While we might not be hearing the daily COVID numbers anymore, the virus hasn’t gone away. In the UK alone, thousands of new cases continue to be recorded every day.

Meanwhile, there’s a very large group of people for whom the virus hasn’t gone away in a different sense – those suffering with long COVID. For these people, symptoms persist after the infection itself has passed (technically, beyond 12 weeks after infection).

The most common long COVID symptoms include fatigue, breathlessness and loss of sense of smell. But people experiencing long COVID report a whole range of symptoms.

Long COVID symptoms

Office for National Statistics, May 2022 dataset, Author provided

For many people with long COVID, their symptoms affect their ability to live and work normally. Symptoms can last a few weeks for some people, while for others, they can go on for much longer.

We don’t fully understand why long COVID happens, but one theory is that it’s due to an over-reaction of the immune system or the blood vessels.

Between 3% and 12% of people who get COVID go on to develop long COVID. About 2% of people in the UK are currently experiencing long COVID.

Data indicates women are more likely to develop long COVID, and people aged 35 to 49 are most likely to experience symptoms compared with other age groups. Having certain health vulnerabilities, such as a compromised immune system, also makes people more susceptible. This doesn’t mean other groups such as men, children and young adults can’t be affected.

In fact, around 250,000 people aged between 17 and 34 in the UK are estimated to have long COVID at the moment. Notably, many young people with long COVID probably haven’t experienced living with a long-term illness, and so may not be familiar with navigating the healthcare system, which can be tricky.

I’m a GP and these are my top tips for what to do if you think you might have long COVID.

1. Recognise if your symptoms need urgent attention

If your symptoms seem potentially serious, don’t delay seeking medical attention. If you have symptoms such as persistent chest pain, palpitations, breathlessness or confusion, or you’re unable to speak or move your arms or legs, you should get help via the emergency department or 999. Otherwise, proceed with the following steps.

2. Register with a GP

If you’re not registered with a GP practice, do this as soon as possible. Access to primary care in the UK is free regardless of immigration status. But not all hospital treatment is free for everyone.

3. If you have symptoms, contact your GP

I know this can be frustrating – I find it hard to get an appointment with my own GP. If you have the energy, call the practice early in the morning. If you’re offered a telephone appointment, take it, and you may be offered an in-person appointment later.

If you can’t get through on the phone, fill in the online form with your concerns if your GP practice offers this on their website. If you still can’t contact your GP practice after trying at different times of day in the same week, you might consider moving to another practice.

It’s important to be registered with a GP. Halfpoint/Shutterstock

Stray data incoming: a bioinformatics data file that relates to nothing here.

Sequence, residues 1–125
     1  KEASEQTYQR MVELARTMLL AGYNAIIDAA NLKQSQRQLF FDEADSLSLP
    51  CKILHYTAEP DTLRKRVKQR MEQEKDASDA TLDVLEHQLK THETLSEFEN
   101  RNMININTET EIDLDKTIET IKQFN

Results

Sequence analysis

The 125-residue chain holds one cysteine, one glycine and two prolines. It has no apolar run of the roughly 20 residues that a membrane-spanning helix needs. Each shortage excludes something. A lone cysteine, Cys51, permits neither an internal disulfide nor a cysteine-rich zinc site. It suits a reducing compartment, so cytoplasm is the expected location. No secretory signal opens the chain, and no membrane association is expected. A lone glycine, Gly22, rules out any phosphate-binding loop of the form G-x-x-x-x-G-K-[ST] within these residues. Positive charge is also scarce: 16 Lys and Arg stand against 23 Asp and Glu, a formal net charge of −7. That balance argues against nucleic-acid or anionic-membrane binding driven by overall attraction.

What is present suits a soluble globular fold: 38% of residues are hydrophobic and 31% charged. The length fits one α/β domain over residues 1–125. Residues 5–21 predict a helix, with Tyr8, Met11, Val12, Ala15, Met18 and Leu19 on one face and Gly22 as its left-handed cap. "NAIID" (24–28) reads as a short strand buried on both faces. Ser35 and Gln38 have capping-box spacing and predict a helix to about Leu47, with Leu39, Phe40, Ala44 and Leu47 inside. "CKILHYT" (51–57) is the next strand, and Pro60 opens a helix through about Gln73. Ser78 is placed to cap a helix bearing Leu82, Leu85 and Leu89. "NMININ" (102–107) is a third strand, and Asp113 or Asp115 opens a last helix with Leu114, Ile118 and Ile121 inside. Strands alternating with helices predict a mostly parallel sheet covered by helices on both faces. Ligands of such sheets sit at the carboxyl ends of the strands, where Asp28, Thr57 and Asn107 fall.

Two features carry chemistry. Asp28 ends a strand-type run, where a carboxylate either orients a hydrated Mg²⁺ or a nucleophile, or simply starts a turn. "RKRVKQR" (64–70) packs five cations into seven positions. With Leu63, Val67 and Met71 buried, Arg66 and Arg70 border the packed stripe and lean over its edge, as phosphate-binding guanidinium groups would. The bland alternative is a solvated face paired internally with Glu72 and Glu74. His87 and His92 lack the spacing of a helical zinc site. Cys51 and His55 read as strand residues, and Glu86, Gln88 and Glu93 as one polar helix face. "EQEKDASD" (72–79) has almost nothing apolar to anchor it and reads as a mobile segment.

4. Have an idea of what you want from the appointment and be prepared

What are you worried about? Would you like to be examined? Do you need your doctor to sign you off from work? Be clear with what you’re expecting and hoping to get from the appointment – this will help the appointment run as smoothly as possible. It can be a good idea to write a list and talk through this with your GP at the beginning of the appointment.

At the appointment, a few things might happen. You might be asked questions about your symptoms or asked to fill in a questionnaire. If you can wear easily removable clothing, do so, especially if you’re likely to be examined. For example, if you’ve been feeling breathless, wear a loose-fitting shirt as the doctor will probably want to listen to your chest.

You may be offered blood tests, an ECG (which checks the heart rhythm), or even a chest x-ray to investigate what may be causing your symptoms. After this your case details might be sent to the local long COVID clinic or for review by a team of experts (called a multi-disciplinary team) where you might undergo tests and treatment not available at your GP practice.

5. Seek out other resources

You might find it helpful to visit the NHS COVID Recovery website or access long COVID support resources online. These provide links to patient forums, support services and symptom-specific advice.

There may be a role for non-medical therapies such as yoga and drama too, although there is limited evidence to show these can support people with long COVID. Interestingly, a recent study found that a six-week breathing programme run by opera singers improved mental health, though not physical health, for people with long COVID.

A final word

In our clinic, we’ve observed that people who didn’t rest while they were acutely unwell with COVID and immediately afterwards have been more likely to develop a more severe version of long COVID. This observation has been backed up by recent survey data.

So rest while you are unwell with COVID and even once you recover, especially if you can afford to do so.

Dipesh Gopal, Research Fellow, General Practice, Queen Mary University of London

This article is republished from The Conversation under a Creative Commons license. Read the original article.

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